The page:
I'm 17/18 and I'm just about to start my gap year in the UK before I go on to do a degree in either Media Arts or Film/TV Production. During my gap year my intention was always to get some practical experience both with companies and by purchasing a camera and making a short or two, which leads me to my dilemma; which camera to get.

My budget is probably 2000 give or take a bit but that alone is sooo much to be paying for a camcorder when I don't have a fulltime job yet and from only ever using 350 cameras so far. I hate being limited by small dinky auto cameras though so it's an expense I need to take on.


Now my options are probably xh-a1 at the upper end, dvx100 and the pd150/170. Maybe the XL2 but that's kind of xh-a1 pricing territory - all three cameras are roughly in my price range. So anyway, my major questions.

Which one would hold its value best? I intend to sell it on in a years time
Is it worth buying used or is it a bit too risky? (only really applies to the pd150)
Should I really buy an HD camera? (I don't have the equipment in my house although my PC should be able to cope but I just don't see it being that worthwhile if I'll only have the cam for a year)
And finally, should I even buy a camera this expensive? Might the HV20 do for example (harder to sell used though, I'd expect - no real pro demand)?


Best prices I've found for the cams are
XH-A1 - 2180
DVX100BE - 2000
PD150 (used) - 1500
XM2 (used) - maybe? - 1150
Gap year. What a wonderful concept & tradition. Wish it existed here instead of "hit the grindstone and make something of your life!".

I think the decision depends upon where you INTEND to see your work presented in the final form. I recently watched a video on the subject of a blind American jazz musician who learned Tuvan throat singing on his own and then traveled to Tuva to participate in that country's national singing competition. The whole thing was shot on SD cameras and later mastered for film. The feature got the producers (not much older than you) an Oscar Nomination.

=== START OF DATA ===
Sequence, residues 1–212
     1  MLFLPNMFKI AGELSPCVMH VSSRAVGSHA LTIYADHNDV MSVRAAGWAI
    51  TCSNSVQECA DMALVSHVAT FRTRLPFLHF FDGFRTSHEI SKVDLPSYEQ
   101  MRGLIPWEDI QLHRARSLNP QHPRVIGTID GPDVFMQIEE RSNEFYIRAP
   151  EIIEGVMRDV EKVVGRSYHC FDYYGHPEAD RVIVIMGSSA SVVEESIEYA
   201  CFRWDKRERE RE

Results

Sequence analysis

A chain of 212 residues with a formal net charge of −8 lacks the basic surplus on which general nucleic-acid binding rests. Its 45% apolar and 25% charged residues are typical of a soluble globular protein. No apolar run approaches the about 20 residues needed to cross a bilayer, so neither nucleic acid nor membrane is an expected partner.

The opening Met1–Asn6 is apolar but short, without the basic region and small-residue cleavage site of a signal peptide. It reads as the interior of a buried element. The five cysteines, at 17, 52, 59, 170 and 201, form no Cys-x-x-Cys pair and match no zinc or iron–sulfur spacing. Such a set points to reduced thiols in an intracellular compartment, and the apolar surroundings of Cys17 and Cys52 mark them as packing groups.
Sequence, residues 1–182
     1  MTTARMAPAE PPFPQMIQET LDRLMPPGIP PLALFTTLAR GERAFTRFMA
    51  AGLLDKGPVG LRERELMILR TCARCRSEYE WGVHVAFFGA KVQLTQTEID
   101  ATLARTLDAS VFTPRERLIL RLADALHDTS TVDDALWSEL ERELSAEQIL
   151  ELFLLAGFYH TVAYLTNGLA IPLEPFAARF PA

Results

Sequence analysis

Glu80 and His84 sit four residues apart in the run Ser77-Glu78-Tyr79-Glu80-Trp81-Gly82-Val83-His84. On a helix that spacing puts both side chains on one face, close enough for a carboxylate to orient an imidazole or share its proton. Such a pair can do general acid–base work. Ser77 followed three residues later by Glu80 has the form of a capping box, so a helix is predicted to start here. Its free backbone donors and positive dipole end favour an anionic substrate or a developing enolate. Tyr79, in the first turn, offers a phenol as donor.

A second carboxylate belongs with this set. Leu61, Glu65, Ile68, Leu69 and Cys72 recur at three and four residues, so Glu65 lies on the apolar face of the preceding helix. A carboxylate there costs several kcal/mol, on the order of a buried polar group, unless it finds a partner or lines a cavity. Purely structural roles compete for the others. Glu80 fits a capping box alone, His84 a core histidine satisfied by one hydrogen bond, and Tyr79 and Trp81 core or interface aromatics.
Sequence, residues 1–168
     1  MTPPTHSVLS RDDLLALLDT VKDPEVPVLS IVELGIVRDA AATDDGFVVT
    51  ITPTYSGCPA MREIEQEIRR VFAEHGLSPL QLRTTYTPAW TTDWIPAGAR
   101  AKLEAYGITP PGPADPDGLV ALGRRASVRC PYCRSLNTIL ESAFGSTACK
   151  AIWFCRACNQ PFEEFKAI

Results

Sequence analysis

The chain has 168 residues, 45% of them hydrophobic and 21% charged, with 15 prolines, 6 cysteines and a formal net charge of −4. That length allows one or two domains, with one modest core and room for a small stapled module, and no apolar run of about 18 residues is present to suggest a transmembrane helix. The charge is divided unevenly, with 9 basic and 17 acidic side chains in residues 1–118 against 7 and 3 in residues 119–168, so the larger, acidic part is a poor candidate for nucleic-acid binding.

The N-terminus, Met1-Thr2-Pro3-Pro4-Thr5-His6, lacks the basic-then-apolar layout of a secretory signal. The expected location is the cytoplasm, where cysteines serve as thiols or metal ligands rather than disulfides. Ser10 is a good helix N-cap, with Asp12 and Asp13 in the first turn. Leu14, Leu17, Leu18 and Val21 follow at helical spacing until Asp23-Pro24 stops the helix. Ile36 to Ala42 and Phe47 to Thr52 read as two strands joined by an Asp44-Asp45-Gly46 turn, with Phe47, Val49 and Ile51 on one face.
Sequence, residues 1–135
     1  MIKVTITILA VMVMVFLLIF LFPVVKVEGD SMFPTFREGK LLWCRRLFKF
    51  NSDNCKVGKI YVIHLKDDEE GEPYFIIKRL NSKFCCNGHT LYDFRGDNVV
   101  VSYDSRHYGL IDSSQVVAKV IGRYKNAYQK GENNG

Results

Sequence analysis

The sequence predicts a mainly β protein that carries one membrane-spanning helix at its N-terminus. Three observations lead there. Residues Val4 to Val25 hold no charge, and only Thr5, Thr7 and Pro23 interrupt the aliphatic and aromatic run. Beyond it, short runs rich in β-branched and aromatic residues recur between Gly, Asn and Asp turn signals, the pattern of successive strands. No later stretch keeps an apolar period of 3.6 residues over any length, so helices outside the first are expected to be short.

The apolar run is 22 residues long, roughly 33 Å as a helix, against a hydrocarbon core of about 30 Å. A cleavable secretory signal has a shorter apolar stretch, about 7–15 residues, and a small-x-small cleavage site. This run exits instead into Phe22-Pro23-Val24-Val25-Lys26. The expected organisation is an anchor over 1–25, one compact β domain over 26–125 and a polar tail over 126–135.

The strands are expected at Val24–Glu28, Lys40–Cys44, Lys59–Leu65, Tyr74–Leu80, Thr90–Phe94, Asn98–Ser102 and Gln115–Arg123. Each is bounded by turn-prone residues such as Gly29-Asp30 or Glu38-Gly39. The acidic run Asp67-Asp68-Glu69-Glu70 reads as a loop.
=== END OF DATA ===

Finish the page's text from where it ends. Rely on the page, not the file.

Any one of the cameras you are considering will produce the quality you need. What do you believe you can accomplish in 12 months with your camera purchase? How much of it's cost can you recover? 75%? 50%? 25%? How much revenue can you produce with it that will offset your living expenses? How long can you expect to use it to support your financial and creative needs before upgrading?

My preference (mostly based upon familiarity) is Canon XM2. Its 16x9 is impressive, as are manual adjustments. The Panasonic viewfinder is really nice! The PD 150 can perform miracles in low light. The Canon HD camera only suffers in light sensitivity when compared to the others you mention, which is an expected trait of the higher data volume of HD. HD acceptance here is slow. A similar trend seems (based upon other comments to your post) apparent in your area.

In the end, owning the camera is the most important element. An expensive camera sitting on the shelf gathering dust is the best incentive I know when matched with the need to pay bills. Next is mastering the camera. Master the tool. Master the craft (Ferenc Berko).

Good adventure! I hope my opinions will be or service to you.
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Old March 12th, 2007, 08:08 PM   #1289
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Television quality camcorder?

Hello Everybody,